All sittings of the Lords are transcribed verbatim into the Farinacci, and are a part of public records held by the Imperial Archives & Records Administration.


The House of Lords consists of 330 peers, split two ways - 66 hereditary peers and 264 life peers.

Hereditary Peers

Hereditary peers are those men and women whose titles are inherited by succession. By tradition, only one-fifth of the membership of the Lords may be holders of hereditary peerages. Upon the passing of a sitting member, candidates are nominated from among other noble houses by the membership of the Lords. While on occasion the successor to a seat will be the individual who succeeded to the peerage of the deceased member, it has become tradition to nominate and select someone from family that has not sat in the Lords in the last quarter-century.

Life Peers

Life peers are those men and women whose titles have been granted by the Dynast Sovereign for noteworthy services or contributions to the Empire, but which will not be passed on to their heirs and successors when they die. Similar to hereditary peers, these individuals are chosen from among worthy candidates by the membership of the House. In some cases, the Crown may grant a life peerage to a specific person and appoint them directly to a vacant seat in the Lords.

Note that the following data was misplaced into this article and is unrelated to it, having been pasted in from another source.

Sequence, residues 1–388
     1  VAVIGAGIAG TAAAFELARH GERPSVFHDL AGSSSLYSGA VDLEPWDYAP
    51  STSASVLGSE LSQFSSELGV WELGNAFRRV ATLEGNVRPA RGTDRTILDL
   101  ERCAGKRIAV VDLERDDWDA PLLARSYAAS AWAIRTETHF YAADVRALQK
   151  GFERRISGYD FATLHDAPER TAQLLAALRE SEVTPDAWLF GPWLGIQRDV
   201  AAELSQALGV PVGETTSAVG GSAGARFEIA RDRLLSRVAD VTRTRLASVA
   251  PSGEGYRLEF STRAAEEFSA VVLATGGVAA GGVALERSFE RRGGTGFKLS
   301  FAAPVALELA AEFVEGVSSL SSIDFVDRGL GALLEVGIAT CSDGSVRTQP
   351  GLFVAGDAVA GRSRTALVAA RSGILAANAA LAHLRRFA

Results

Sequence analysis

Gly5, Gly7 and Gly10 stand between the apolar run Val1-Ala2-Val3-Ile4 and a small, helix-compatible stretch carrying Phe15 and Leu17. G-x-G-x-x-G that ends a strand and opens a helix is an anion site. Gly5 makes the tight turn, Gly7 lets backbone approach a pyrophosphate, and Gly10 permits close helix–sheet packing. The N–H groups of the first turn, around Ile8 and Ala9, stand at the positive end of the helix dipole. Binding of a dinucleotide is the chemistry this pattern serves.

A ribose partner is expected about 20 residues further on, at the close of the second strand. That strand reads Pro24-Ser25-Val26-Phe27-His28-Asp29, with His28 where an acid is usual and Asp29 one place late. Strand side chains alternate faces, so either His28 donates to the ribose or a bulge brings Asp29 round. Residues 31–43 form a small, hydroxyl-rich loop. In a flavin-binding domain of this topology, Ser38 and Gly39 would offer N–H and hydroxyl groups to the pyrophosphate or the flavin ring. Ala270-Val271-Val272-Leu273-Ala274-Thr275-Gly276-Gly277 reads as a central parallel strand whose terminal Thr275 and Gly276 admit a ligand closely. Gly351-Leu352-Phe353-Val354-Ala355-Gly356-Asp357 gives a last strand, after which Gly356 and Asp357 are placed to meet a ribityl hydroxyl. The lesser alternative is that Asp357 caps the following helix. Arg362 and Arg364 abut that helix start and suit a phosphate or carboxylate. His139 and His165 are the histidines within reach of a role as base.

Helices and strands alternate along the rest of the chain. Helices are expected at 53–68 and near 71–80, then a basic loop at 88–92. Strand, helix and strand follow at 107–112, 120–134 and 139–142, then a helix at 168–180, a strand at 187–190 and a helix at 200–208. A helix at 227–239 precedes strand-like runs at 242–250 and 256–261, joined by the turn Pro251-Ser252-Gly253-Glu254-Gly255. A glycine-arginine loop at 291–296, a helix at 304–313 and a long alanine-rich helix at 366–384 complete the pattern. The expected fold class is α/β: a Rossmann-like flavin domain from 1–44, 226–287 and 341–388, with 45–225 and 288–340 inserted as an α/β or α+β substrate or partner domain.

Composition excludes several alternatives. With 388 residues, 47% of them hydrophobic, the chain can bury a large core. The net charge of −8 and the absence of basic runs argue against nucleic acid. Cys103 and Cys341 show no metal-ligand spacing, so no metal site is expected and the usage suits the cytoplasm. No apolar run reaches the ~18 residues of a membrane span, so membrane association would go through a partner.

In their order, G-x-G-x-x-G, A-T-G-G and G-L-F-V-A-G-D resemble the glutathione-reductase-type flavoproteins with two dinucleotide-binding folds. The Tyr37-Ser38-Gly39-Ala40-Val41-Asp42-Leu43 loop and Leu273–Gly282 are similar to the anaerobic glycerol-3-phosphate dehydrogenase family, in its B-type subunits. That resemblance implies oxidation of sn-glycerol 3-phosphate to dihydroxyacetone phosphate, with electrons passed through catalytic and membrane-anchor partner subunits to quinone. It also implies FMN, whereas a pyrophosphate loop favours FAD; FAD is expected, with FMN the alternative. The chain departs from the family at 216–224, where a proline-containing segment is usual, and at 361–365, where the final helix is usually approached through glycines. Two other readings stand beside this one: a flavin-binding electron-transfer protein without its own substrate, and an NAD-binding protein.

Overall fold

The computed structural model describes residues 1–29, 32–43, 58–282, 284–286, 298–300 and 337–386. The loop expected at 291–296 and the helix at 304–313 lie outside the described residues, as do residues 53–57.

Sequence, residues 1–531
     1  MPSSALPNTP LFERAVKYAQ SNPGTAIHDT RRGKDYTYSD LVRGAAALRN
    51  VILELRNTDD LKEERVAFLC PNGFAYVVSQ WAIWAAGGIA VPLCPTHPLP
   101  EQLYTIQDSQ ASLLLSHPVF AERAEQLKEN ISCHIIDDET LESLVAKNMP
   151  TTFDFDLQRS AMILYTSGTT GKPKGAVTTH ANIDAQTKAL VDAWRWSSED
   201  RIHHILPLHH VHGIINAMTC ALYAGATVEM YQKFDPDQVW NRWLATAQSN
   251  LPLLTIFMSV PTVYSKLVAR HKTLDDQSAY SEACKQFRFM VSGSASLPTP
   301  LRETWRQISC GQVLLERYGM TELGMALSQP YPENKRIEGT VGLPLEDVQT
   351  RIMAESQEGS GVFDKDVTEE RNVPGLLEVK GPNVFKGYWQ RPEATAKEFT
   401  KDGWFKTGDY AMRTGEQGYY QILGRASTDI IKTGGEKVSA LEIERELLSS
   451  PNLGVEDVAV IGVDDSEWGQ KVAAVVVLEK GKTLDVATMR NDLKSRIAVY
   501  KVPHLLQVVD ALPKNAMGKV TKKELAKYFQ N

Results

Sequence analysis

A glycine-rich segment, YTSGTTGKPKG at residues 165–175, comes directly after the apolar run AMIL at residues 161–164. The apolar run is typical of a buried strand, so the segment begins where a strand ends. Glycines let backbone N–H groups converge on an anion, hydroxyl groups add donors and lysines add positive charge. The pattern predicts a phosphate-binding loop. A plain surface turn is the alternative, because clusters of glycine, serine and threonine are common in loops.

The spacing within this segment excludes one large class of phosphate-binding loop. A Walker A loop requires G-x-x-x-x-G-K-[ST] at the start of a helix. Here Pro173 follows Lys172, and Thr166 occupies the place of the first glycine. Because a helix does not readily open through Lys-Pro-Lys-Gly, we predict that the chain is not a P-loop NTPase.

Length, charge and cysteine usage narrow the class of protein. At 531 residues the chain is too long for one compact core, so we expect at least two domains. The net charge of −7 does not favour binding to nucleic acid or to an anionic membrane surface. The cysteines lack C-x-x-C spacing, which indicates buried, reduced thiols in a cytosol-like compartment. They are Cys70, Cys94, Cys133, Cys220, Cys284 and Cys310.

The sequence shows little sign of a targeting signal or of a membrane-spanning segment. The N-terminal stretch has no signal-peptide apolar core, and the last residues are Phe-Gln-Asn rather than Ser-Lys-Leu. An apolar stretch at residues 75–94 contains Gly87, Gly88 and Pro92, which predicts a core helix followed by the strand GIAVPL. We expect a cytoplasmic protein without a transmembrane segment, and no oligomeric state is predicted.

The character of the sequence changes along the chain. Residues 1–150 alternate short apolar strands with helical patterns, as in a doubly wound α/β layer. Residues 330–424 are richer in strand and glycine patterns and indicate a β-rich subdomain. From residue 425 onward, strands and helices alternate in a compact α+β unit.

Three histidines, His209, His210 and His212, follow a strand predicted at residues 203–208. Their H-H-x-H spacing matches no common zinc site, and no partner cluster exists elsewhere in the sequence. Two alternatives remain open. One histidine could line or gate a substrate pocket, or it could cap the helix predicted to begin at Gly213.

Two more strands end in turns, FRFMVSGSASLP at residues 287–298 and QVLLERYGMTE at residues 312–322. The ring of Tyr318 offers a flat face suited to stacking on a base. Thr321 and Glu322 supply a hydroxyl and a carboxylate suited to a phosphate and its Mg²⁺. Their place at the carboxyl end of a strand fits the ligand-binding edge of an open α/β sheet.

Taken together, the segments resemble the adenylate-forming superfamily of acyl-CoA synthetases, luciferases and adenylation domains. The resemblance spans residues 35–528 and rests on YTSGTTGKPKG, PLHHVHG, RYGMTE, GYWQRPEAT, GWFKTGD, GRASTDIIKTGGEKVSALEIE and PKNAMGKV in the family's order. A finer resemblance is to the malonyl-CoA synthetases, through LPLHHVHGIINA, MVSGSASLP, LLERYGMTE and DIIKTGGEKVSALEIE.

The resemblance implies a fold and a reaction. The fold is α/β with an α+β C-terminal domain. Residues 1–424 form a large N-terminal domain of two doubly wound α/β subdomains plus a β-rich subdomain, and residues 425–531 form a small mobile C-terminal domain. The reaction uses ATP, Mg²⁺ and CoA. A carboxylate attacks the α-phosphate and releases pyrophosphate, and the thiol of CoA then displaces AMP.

Numerous qualifications apply to membership in the House of Lords -

  • Candidates must be at least 30 years of age.
  • Only Auresian peers may sit in the upper house.
  • No candidate for membership in the House may be currently, or planning to be, engaged in bankruptcy proceedings.
  • No candidate for membership in the House may be currently, or in the process of, having their estate sequestered.
  • Any individual convicted of treason or sedition is barred from membership in the House. This restriction even applies to those who have received a Crown pardon.


At the pinnacle of the House of Lords is its leader, the Lord Speaker. This officer is elected by the membership from among a short list of no less than two and no more than five nominees. They serve a five-year term and can be renewed to the seat at each selection cycle if they choose to stand for re-election. At present date, the Lord Speaker is the Baroness Lucrezia, Baroness Ohura.

On the floor of the Lords at every session of the Red Chamber is a chief clerk and six clerks, who are responsible for maintaining the Farinacci during each gathering. Assisting them and keeping track of the roll during every vote are a team of four tellers.

Also on the floor during sessions are the Sergeant-at-Arms and four deputies, who are responsible for assisting the Lord Speaker in maintaining order.

    Curia Imperiale   
The Crown The Dynast Sovereign, Privy Council, Privy Secretariat, List of Dynast Sovereigns
Executive First Minister’s Office (Bureau of the Civil Service, Bureau of Legislative Affairs, Bureau of Internal Affairs, Bureau of Correspondence)
Legislature Imperial Parliament ( House of Lords, House of Delegates)
Judiciary Supreme Court
Ministries Foreign Office, War Office, Home Office, Finance, Commerce, Health & Welfare, Transport, Works & Infrastructure
State Administrations General Post Administration, Imperial Archives & Records Administration, Imperial Customs & Excise Administration, Imperial Public Health Administration, Imperial Statistical Administration, Strategic Research & Development Administration
Crown Corporations Auresian Broadcasting Corporation, Export-Import Bank of Auresia, Imperial Oil & Gas, Savings & Investment Auresia, Transport Auresia
Related Subjects Government Structure, Foreign Relations, Politics, Crime & Punishment, Farinacci